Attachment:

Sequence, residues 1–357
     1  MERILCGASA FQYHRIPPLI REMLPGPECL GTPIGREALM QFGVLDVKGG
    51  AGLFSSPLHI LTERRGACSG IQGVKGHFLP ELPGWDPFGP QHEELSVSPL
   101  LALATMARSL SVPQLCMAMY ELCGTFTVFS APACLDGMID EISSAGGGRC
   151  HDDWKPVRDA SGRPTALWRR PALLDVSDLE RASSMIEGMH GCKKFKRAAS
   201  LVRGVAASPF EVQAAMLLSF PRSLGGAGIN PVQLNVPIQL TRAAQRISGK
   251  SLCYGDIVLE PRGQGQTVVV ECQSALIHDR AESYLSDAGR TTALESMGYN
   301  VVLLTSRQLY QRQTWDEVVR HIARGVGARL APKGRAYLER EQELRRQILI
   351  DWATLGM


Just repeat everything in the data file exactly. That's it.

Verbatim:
Sequence, residues 1–357
     1  MERILCGASA FQYHRIPPLI REMLPGPECL GTPIGREALM QFGVLDVKGG
    51  AGLFSSPLHI LTERRGACSG IQGVKGHFLP ELPGWDPFGP QHEELSVSPL
   101  LALATMARSL SVPQLCMAMY ELCGTFTVFS APACLDGMID EISSAGGGRC
   151  HDDWKPVRDA SGRPTALWRR PALLDVSDLE RASSMIEGMH GCKKFKRAAS
   201  LVRGVAASPF EVQAAMLLSF PRSLGGAGIN PVQLNVPIQL TRAAQRISGK
   251  SLCYGDIVLE PRGQGQTVVV ECQSALIHDR AESYLSDAGR TTALESMGYN
   301  VVLLTSRQLY QRQTWDEVVR HIARGVGARL APKGRAYLER EQELRRQILI
   351  DWATLGM